Book of Amduat. Hieroglyphic script on papyrus. Ptolemaic Period. Contains 12th hour. Pharaonic Rolls, no. 1. https://dpul.princeton.edu/papyri/catalog/dn39x503f

Book of the Dead. Hieroglyphic script on papyrus. Probably from a Theban tomb. Ptolemaic Period (?) Chapter 17 with polychrome illustrations. Pharaonic Rolls, no. 2. https://dpul.princeton.edu/papyri/catalog/0r9677259

Book of the Dead. Hieroglyphic script on papyrus. Ptolemaic Period (?) Owner’s name is (N)es-Ese, a “chantress of Amon.” Contains chapter 110 (Field of Hetep) and beginning of chapter 149 written in retrograde from left. Unrolled and mounted in the Princeton University Library,1998. Pharaonic Rolls, no. 3. https://dpul.princeton.edu/papyri/catalog/xd07gz04k

Book of the Dead. Hieroglyphic script on papyrus, with polychrome illustrations. Ptolemaic Period (?) Owner’s name is Pedimeh(y)et. His father’s name is (N)espautitaui, a “first prophet of Re”; his mother’s name is Lady Nebethutiyti. Pharaonic Rolls, no. 4. https://dpul.princeton.edu/papyri/catalog/sn00b312r

Book of the Dead, with polychrome illustrations. Hieroglyphic script on papyrus. Dynasty XVIII. Owner is Iwt.nyr.syh (Iwtlsyh?), a name possibly of Semitic origin. Includes chapters 84, 77, 86, 85, 88, 114, 38, 105, 31, and 125. Unrolled and mounted in the Princeton University Library, 1999. Pharaonic Rolls, no. 5. https://dpul.princeton.edu/papyri/catalog/ff3658534

Unidentified fragments. Fourteen small pieces with either Hieroglyphic or Hieratic script. Pharaonic Rolls, no. 6. https://dpul.princeton.edu/papyri/catalog/rx913v491

Book of Breathings. Hieratic script on papyrus. Ptolemaic Period. Nearly complete, unrolled and mounted in the Princeton University Library, 1998. Pharaonic Rolls, no. 7. https://dpul.princeton.edu/papyri/catalog/8w32r9117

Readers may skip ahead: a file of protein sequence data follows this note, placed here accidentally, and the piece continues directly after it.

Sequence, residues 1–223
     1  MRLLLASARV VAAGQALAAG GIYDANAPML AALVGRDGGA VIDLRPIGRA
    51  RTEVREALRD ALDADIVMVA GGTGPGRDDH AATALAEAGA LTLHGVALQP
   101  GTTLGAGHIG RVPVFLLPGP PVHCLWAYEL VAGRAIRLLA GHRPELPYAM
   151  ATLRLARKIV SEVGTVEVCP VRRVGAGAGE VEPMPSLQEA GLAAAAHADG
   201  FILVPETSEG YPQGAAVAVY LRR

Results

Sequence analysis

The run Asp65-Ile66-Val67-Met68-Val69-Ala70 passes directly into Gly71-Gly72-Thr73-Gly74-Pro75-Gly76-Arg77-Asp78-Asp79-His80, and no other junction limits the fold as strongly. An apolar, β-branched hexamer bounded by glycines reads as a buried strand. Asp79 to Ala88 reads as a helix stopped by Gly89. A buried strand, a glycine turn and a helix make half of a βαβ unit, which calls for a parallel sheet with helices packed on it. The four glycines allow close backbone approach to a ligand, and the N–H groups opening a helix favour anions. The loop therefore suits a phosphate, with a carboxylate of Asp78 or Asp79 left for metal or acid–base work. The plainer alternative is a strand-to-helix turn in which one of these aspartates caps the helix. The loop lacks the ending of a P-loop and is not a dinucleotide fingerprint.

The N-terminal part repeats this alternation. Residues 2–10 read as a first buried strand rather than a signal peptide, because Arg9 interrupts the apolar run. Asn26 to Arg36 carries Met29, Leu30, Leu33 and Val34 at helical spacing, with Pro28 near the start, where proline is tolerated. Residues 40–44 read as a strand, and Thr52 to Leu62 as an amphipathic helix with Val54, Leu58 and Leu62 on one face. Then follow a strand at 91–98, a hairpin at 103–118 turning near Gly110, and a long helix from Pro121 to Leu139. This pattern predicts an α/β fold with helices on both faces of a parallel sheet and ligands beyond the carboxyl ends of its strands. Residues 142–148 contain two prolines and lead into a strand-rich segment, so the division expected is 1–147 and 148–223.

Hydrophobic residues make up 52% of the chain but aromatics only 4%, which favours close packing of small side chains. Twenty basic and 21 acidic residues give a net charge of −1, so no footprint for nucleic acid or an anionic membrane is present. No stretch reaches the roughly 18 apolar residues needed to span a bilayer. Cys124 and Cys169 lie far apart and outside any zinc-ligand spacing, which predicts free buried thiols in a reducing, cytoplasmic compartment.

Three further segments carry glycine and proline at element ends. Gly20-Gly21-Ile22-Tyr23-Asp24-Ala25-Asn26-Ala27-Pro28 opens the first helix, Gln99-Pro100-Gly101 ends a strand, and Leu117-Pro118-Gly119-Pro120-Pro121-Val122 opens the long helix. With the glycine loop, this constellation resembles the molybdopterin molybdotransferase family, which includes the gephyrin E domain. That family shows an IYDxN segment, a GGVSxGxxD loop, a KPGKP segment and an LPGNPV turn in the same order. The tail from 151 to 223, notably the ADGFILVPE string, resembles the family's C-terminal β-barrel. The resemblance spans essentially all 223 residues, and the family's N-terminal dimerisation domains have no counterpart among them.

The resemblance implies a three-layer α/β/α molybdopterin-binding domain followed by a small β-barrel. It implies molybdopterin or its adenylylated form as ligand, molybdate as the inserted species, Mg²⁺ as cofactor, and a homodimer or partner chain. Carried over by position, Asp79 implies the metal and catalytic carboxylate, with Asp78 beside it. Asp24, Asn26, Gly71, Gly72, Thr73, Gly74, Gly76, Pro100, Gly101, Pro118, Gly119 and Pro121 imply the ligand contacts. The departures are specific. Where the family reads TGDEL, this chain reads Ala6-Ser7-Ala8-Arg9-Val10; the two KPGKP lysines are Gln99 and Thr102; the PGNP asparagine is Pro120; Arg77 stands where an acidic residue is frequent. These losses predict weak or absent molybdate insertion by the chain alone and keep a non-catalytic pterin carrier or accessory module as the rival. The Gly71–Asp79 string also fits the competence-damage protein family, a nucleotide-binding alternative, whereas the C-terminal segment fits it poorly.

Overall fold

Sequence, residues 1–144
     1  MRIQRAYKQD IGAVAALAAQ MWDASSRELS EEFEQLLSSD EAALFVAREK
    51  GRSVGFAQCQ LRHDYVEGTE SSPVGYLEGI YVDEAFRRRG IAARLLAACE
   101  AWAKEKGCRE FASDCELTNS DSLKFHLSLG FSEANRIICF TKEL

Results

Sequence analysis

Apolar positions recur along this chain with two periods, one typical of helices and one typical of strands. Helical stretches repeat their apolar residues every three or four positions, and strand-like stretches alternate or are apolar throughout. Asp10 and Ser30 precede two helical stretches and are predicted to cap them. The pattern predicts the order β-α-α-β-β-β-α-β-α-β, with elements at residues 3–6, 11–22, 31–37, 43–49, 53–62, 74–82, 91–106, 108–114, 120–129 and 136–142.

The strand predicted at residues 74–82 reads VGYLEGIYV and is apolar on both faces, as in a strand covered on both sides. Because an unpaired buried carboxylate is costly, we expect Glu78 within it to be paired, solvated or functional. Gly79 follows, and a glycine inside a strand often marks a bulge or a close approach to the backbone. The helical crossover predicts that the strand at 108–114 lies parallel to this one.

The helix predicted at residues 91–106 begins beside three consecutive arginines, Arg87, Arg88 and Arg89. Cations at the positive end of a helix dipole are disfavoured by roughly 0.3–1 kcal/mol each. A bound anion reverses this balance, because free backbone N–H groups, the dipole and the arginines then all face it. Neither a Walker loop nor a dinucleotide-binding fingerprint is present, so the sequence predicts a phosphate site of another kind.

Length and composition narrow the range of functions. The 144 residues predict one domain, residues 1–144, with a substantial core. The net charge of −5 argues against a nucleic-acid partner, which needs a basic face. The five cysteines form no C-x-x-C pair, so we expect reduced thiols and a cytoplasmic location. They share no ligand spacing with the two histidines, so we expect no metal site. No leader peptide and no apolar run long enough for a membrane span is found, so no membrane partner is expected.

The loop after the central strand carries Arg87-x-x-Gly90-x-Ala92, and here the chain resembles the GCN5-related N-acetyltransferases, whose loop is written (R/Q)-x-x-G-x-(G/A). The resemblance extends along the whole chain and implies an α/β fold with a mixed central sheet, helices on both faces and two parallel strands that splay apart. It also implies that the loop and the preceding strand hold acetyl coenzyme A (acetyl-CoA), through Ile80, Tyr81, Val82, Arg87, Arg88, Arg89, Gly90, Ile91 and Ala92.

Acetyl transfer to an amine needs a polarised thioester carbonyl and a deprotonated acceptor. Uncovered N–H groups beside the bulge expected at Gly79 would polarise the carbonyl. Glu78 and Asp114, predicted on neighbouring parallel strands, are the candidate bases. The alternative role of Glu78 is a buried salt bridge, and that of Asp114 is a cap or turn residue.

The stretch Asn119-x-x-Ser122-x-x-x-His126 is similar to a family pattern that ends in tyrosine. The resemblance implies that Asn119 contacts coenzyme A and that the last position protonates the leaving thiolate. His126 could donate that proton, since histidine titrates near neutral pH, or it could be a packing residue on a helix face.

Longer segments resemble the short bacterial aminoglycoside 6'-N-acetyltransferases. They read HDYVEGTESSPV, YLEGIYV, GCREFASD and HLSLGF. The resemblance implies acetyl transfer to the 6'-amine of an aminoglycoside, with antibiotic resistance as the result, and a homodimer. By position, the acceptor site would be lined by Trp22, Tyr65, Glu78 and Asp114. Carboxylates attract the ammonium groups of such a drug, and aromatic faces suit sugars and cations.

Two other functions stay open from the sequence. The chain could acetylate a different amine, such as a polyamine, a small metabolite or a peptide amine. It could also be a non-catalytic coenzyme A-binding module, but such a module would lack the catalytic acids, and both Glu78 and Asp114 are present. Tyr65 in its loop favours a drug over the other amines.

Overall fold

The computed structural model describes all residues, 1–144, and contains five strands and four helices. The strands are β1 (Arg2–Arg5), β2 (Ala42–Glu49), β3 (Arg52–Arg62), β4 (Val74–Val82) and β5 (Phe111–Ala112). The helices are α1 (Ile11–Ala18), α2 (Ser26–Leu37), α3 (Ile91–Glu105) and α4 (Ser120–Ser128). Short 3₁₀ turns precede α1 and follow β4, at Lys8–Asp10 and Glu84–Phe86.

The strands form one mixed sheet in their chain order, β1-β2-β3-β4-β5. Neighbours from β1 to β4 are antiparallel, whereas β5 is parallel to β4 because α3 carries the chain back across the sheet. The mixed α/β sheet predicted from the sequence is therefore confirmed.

Book of the Dead. Hieratic script on linen, Two complete rolls of the Saite recension (chapters 67-165), with illustrations in ink. The owner’s name is Hekaemsaf (or Heka-m-saf), whose mother was named Tinetmehenet. The owner should probably be identified with Hekaemsaf, a naval officer who served as Chief of Royal Ships under Pharaoh Ahmose II [or Amasis II] (570-526 BCE), 26th Dynasty. Pharaonic Rolls, no. 8. https://dpul.princeton.edu/catalog/k643b257s

Book of the Dead. Hieratic script on papyrus. Owner’s name is Khay-Hapy, “son of Isis-great-of-truth.” With Hieroglyphic labeling. Includes (from right) chapters 16, 18, 38B (?), 21, 23, 24, 25, 26, 28, 110, 27, 32, and 125. Ptolemaic Period (?). Pharaonic Rolls, no. 9. https://dpul.princeton.edu/papyri/catalog/2514nq85z

Osiris text. Hieratic script on papyrus. Ptolemaic Period. Unrolled and mounted in the Princeton University Library, 1998-99. Pharaonic Rolls, no. 10. https://dpul.princeton.edu/papyri/catalog/t148fm633

Litany or Hymn to Osiris. Hieratic script on papyrus. Pharaonic Rolls, no. 11. https://dpul.princeton.edu/papyri/catalog/0v838406h

Note: A fragment of a Book of the Dead, in Hieratic script on papyrus (Dynasty XXI, ca. 1100-950 BCE), with the owner’s name Pen-Amen-Apt, has been digitized in Treasures of The Scheide Library. The Scheide Library M P95.

Not yet digitized: Crocodile mummy cartonnage made from gesso with polychrome decoration (Tebtunis, 2nd century BC) box 8 Item 1-5.